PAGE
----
Payments trends may come and go but reliability and scalability underpin any potential success for payments companies.
The payments industry is always advancing but the current rate of technical change has reached new heights. With innovations at every turn, it can be impossible for companies to keep up — unless they have a dedicated technology strategy. Yet payments companies must commit the necessary resources to modernize their infrastructure. This is not just about having flashy features; it’s about serving customers in the digital format they now prefer.
Modernization is no longer an option. Even in older age groups, digital banking mediums are growing in popularity; a recent study by Finastra and Microsoft found that 70% of Boomers (Gen X) report mobile banking as their primary way of interacting with their finances. Beyond mobile, today’s consumers are also demanding that they have easy yet secure access to their financial data as well as smoother, more efficient customer journeys.
Digital transformation can seem like a daunting challenge to undertake, particularly if the organization hasn’t upgraded its technology in a while. Resisting modernization only leads to poor outcomes — the reason being that technical debt compounds just like financial debt. While the initial investment may be substantial, this will ultimately prove much more cost-effective than paying to run legacy technology.
The critical part is understanding where to focus this digital modernization. Two key areas that should not be overlooked — are reliability and scalability.
Companies with legacy technology often find their two biggest problems are unreliable performance and an inability to scale. Both of these features are crucial to a successful payments platform. This is because customers require the ability to access their finances whenever and wherever they are — and they wouldn’t want to wait around to access new services.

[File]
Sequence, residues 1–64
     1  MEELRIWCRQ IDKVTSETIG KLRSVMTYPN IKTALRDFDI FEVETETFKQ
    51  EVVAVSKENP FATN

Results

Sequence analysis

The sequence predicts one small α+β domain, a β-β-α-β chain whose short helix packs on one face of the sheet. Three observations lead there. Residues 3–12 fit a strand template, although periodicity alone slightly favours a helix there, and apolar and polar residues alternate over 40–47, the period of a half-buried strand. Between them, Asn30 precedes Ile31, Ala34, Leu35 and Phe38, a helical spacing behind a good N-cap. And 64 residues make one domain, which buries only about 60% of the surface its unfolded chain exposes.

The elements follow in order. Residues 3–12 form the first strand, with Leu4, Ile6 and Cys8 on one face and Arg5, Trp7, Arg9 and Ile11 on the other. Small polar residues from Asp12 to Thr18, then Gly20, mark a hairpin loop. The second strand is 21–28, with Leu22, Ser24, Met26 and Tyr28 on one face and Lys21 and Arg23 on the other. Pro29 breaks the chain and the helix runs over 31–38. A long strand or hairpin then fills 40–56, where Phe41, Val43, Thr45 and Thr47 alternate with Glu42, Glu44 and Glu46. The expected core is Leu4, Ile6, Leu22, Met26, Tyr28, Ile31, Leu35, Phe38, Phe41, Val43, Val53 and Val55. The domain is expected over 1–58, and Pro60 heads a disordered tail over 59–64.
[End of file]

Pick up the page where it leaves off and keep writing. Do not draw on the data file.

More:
Financial institutions should be focused on technology that can help them provide superior and consistent customer experiences. Consumer behavior is shifting at such a rapid pace that investing in software that promotes safe data sharing and seamless integration will be useful for long-term success.
We’ve seen this play out during the pandemic. Contactless payments, remote work, and installment payments all existed before COVID-19; however, it was the pandemic that catapulted their popularity. Organizations with the right technology in place to support these trends and technologies were well-positioned to capitalize on their enormous popularity.
Funding new solutions can be a challenge. Rather than commit to a full-scale technological overhaul, most financial institutions may choose to focus on temporary fixes that will see them through the next few months — while their legacy system grows more obsolete. However, this is a very risky strategy.
Technical debt is dangerous because it only compounds over time. Older systems require more maintenance and manpower to run, which eats into company resources. To add to that, finding employees to manage these systems can be quite a task.
It is impossible to know exactly what consumers will want in the future. That said, payment companies can be certain that their customers will always value reliability from their financial providers. Ensuring that your platform is always functional and fast will do wonders for keeping customers happy and loyal, no matter what services they are using. A system failure, on the other hand, puts revenue and reputation at risk.
Reliability depends on having a technical ecosystem that can support spikes in traffic as well as new API integrations. Leveraging cloud networks or greater server storage can help improve bandwidth, while other companies might opt for utilizing software partnerships to strengthen their performance. As long as the investment goes towards long-term performance and not just for the needs of today’s platform — payments companies will be on the right track.
The ability to scale is another key consideration. Given the rapid acceleration of changes in the payments space and constantly evolving customer expectations, the ability to easily adapt to market demands and increased workloads is critical. Alternatively, lacking the ability to scale can alienate customers and inhibit growth. Having the right technical infrastructure in place is integral to scalability.
Just like reliability, scalability is not about adding new features but about providing greater internal support. By investing in the foundations of the business, companies can protect their operations while freeing up resources for innovative thinking. With the right architecture in place, organizations can quickly execute innovation and remain competitive in a crowded market.
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